The electoral performance of the Congress also means that it can no longer demand and sit at the head of the Opposition table. Unable to hold the state that it ruled, henceforth its ability will be questioned even more by the other Opposition parties. They will see no a priori reasons for submitting themselves to a Congress-led alliance for 2019.
If the Congress is sensible, it will settle for a lesser role and be a part of a larger anti-BJP alliance. Alternatively, the regional parties can form an anti-BJP front and then opt for seat adjustments with the Congress on a case-by-case basis.
What will make things difficult for the Congress is the general perception that the party has been hollowed from within and its exoskeleton should not be mistaken for a muscular body within. The party leadership at all levels consists of nominated dandies and dynasts. None of them have the ability to lead people’s protests or movements.
The Karnataka results would also diminish the position of Mr Gandhi within the party and lower his morale. He may proceed on another holiday for recuperation and rejuvenation, but that is unlikely to have a similar effect on the party. A loss of confidence in himself may push him to rely more on the old guard, damaging his leadership further. A weakened Congress may then prove to be no match for the BJP even in Rajasthan, Madhya Pradesh, Chhattisgarh and Mizoram.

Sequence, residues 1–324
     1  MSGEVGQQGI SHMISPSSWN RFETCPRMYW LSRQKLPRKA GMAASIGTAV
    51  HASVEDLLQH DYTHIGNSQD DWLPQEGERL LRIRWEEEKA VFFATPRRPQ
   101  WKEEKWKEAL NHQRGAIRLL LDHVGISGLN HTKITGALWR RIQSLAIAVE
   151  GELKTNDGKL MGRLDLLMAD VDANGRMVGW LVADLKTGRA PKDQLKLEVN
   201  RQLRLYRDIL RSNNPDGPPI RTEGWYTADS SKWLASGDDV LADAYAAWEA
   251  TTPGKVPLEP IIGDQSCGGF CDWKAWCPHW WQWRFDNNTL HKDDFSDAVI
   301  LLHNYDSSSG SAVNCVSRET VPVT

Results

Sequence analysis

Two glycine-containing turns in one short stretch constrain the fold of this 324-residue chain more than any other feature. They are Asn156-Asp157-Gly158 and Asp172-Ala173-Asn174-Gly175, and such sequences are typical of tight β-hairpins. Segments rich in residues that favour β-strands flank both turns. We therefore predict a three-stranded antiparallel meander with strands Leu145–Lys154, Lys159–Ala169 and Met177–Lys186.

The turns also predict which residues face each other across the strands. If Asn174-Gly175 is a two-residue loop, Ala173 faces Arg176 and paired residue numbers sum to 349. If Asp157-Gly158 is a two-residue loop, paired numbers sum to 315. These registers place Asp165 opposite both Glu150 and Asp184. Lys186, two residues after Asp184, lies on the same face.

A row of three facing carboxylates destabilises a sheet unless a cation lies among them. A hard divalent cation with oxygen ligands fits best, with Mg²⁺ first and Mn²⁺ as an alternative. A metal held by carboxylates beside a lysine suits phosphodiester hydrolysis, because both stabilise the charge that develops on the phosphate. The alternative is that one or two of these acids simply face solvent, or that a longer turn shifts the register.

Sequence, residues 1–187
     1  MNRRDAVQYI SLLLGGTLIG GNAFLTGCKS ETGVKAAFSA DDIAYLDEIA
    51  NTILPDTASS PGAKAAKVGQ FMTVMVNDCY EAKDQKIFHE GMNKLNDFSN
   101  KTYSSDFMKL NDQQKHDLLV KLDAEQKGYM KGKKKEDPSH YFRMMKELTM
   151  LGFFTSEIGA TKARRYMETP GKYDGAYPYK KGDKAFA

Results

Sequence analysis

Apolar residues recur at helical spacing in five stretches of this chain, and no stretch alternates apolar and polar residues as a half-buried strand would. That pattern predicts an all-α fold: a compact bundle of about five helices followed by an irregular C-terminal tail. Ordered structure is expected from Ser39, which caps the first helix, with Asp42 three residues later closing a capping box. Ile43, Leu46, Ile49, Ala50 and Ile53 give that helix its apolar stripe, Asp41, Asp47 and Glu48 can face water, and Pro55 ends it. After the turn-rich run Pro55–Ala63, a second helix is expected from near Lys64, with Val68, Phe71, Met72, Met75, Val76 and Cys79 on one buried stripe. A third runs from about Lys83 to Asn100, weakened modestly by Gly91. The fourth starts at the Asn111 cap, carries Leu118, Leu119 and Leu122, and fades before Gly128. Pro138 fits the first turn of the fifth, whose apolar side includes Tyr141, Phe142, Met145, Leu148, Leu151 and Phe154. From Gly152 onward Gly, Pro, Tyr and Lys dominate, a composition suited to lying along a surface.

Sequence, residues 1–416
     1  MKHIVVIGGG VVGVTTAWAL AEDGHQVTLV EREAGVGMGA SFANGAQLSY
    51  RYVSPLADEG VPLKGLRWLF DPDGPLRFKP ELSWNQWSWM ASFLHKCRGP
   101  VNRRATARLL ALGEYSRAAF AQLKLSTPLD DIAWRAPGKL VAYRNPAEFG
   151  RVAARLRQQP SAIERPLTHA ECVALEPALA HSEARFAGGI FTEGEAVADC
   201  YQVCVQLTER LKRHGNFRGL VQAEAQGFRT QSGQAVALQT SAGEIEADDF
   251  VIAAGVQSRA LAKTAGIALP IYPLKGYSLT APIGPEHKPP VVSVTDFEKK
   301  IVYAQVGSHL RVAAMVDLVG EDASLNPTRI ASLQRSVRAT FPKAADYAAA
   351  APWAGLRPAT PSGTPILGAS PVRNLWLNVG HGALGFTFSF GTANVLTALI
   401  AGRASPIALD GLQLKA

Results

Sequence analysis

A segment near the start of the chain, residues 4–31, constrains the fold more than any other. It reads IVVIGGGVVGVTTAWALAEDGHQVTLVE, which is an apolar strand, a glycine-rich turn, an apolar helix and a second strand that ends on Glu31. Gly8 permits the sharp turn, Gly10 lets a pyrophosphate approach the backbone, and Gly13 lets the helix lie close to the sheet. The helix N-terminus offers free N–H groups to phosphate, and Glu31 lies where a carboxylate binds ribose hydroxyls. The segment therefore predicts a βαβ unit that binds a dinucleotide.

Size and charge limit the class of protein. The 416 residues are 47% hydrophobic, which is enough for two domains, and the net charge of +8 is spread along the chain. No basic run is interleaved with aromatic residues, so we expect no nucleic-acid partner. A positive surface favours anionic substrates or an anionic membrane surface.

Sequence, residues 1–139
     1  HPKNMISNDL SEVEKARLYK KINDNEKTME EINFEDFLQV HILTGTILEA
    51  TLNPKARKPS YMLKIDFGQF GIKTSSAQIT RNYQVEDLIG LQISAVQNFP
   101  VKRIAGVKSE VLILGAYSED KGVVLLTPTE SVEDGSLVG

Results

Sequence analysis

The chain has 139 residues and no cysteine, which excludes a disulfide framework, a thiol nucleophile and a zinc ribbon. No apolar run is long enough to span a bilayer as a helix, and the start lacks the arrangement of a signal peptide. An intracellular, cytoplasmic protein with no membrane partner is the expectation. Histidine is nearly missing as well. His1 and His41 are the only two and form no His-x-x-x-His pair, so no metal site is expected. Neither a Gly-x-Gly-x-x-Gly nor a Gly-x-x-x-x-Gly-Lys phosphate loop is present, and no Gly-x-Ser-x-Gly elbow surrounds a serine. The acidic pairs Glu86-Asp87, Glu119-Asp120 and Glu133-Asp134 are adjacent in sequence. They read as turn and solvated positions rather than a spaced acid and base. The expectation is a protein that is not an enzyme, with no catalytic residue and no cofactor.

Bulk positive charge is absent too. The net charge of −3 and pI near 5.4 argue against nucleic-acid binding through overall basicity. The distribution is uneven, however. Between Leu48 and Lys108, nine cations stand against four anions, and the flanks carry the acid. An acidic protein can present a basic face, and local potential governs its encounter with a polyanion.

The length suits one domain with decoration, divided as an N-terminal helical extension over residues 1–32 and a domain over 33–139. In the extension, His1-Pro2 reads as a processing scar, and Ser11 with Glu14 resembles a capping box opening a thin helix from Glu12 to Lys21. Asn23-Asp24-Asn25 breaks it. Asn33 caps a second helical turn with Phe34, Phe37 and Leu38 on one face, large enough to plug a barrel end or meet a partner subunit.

One should be cautious, though, in seeing the electoral performance of the BJP and the Congress in Karnataka presaging the outcome of the 2019 general election. The factors that determined voter behaviour in Karnataka may not work in other states. One does not know how the simmering anger against the BJP on unemployment, communal polarisation, violence against dalits and other issues might manifest.
However, the Karnataka performance may not be sufficient for the BJP to hold its flock together in the National Democratic Alliance (NDA). Having left the NDA, the Telugu Desam Party would find it difficult to change its mind while the BJP’s overtures to its adversary, the YSR Congress, continue. The Shiv Sena will wait to assess the public mood before swallowing its pride to contest jointly with the BJP in 2019. The BJP may, however, gain some new allies south of the Vindhyas, such as a Rajinikanth in Tamil Nadu and a Jaganmohan Reddy in Andhra Pradesh. It could well be argued that this might have happened irrespective of Karnataka.
The BJP’s allies in the cow belt will keep a close watch on the direction of the wind. Most of them are freelancers in search of power with no ideological consideration. Whether the BJP will keep some of them or not will depend on the nature of the anti-BJP alliances that will take shape.
One thing is sure that in the run-up to 2019, unless the leaders of the anti-BJP parties start suppressing their individual egos and start cooperating to ensure a unified challenge to the BJP, they will come a cropper. They will then have to shoulder the blame for the continuing divisiveness and polarisation that politicians with a Savarkarite mindset have imposed on this country.